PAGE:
At the end of World War I, the Swedish Aviation Corps “Flygkompaniet” needed a replacement trainer for the Albatross fleet. In 1919, Swedish designer Henrik Kjellson developed a new, small, lightweight aircraft with a 9-cylinder Le Rhone rotary engine with 80hp, which contains many features from the successful French fighter.
Due to its small size, the aircraft was referred to as “Tummeliten”. However, the pilots quickly changed it to “Tummelisa” as it tends to roll on its back.
The aircraft was in active service between 1919 and 1934, with a total of 28 aircraft being built. Of the 28 single-seat aircraft built and flown to train young pilots, not a single fatal accident occurred in the 15 years of service! In 1935, all but one aircraft were scrapped. The only original is now in the Museum of the Swedish Air Force.
Mikael Carlson’s aircraft is a reproduction, which he built himself between 1982 and 1989. Mikael actually started cutting down a tree on his family property and carried on from there! Original drawings, numerous visits to the Air Force Museum to measure the original Tummelisa, original instruments and parts as well as, of course, an original engine restored by Mikael himself were produced. Where original parts could not be found, Mikael simply made them himself. Wheels, tires, and propellers are just a few examples, not to mention over 100 hand-made clamping locks.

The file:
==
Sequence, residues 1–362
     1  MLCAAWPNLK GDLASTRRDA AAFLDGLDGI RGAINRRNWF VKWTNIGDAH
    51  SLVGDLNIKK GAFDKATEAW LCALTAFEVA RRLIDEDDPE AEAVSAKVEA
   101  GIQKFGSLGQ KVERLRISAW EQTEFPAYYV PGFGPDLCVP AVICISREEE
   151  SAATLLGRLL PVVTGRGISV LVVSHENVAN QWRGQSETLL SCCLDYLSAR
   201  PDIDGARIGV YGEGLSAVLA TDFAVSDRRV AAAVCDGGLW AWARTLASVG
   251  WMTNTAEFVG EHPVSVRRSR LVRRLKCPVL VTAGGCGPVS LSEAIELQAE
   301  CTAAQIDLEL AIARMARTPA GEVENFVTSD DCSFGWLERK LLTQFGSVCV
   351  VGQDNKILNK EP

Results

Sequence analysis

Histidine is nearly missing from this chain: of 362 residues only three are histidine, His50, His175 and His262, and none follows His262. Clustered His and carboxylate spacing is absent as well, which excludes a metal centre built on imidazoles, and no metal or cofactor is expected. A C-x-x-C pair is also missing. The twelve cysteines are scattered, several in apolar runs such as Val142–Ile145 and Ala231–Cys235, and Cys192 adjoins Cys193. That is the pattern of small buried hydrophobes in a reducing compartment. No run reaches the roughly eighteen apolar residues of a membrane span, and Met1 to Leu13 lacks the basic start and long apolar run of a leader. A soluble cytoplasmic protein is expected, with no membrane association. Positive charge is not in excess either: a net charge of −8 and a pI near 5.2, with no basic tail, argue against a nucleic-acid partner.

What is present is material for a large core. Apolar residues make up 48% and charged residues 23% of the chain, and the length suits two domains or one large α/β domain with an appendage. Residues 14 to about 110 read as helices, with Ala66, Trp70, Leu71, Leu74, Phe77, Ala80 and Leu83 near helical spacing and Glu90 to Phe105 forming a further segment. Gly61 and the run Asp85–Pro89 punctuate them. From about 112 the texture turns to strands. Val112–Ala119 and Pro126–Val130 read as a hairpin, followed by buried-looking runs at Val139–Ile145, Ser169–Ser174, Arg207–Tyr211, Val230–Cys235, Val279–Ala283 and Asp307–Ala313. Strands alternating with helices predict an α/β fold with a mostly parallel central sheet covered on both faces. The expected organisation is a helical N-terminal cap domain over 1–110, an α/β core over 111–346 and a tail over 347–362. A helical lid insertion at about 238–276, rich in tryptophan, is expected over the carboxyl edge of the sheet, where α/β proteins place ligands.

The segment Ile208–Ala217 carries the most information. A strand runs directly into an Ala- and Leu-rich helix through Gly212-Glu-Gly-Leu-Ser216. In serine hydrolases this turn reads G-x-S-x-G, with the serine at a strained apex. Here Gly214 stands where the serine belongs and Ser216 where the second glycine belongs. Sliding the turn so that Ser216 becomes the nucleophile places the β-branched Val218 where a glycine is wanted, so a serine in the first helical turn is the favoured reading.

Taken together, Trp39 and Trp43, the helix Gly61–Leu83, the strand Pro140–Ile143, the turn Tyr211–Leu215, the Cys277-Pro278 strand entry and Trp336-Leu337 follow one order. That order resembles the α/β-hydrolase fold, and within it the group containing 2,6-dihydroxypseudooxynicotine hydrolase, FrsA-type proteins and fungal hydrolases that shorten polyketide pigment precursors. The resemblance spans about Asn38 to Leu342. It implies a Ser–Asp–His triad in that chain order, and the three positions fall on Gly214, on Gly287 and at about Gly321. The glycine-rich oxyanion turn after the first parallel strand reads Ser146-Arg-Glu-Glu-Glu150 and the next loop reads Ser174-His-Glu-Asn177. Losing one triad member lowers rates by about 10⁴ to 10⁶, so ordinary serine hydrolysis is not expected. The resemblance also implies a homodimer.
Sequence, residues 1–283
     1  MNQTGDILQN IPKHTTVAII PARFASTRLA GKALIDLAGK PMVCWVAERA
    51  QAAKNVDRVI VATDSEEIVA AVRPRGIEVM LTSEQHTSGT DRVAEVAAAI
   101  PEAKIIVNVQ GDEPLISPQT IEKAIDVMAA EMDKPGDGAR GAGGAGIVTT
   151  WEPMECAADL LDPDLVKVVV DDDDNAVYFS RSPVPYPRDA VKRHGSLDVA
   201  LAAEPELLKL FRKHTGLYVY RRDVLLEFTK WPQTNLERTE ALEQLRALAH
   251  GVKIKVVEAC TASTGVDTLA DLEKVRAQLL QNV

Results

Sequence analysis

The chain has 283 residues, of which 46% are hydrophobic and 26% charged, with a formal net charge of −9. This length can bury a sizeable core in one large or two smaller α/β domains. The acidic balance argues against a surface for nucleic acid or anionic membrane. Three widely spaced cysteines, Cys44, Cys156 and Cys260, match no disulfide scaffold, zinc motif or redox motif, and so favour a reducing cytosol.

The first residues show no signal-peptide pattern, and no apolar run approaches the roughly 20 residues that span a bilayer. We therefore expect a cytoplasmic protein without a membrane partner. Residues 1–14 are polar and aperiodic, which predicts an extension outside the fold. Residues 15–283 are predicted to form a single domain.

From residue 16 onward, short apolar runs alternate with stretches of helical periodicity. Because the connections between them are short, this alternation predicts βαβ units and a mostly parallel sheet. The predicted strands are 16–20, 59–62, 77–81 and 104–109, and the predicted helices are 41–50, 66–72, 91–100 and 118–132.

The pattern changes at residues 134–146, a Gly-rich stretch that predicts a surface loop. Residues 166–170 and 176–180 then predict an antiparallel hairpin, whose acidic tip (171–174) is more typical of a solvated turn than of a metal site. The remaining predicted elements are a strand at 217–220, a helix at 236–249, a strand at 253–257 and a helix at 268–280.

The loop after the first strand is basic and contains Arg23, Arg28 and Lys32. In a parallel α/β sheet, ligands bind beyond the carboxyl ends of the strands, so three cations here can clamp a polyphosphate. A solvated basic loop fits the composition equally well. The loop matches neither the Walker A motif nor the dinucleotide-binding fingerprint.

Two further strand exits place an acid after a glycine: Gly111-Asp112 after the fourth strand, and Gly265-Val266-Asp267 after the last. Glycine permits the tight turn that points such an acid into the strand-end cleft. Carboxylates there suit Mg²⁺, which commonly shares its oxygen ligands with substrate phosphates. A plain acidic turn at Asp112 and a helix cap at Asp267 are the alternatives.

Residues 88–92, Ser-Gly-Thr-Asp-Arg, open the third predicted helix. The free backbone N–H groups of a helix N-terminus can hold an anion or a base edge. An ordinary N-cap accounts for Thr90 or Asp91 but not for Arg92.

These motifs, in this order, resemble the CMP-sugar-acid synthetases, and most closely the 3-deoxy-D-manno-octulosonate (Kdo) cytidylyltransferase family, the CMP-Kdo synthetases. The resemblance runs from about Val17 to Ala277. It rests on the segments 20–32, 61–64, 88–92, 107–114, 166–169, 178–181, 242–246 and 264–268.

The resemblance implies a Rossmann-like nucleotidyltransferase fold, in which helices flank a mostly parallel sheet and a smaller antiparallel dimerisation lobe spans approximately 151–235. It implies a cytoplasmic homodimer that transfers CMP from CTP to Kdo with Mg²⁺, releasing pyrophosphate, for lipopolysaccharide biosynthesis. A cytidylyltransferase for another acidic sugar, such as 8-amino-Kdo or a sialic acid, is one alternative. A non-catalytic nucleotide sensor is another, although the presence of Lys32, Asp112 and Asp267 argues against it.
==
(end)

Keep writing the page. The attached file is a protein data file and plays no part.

Facts & Figures
Manufacturer Mikael Carlson
Kerb weight 390kg
Cruising speed 145km/h
Engine 1x 9-cylinder Le Rohne engine